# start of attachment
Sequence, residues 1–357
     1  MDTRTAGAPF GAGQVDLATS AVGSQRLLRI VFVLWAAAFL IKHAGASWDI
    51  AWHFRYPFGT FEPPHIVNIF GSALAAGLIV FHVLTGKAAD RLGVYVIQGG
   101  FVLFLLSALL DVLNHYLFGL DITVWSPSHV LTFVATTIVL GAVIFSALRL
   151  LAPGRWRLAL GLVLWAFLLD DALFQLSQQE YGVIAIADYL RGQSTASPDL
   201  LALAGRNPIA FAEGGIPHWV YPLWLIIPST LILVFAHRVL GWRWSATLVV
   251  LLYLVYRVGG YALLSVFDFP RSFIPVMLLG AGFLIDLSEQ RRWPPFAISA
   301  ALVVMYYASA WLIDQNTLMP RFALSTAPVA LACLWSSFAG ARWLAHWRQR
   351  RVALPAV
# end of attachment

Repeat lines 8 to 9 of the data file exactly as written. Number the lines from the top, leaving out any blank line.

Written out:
   301  ALVVMYYASA WLIDQNTLMP RFALSTAPVA LACLWSSFAG ARWLAHWRQR
   351  RVALPAV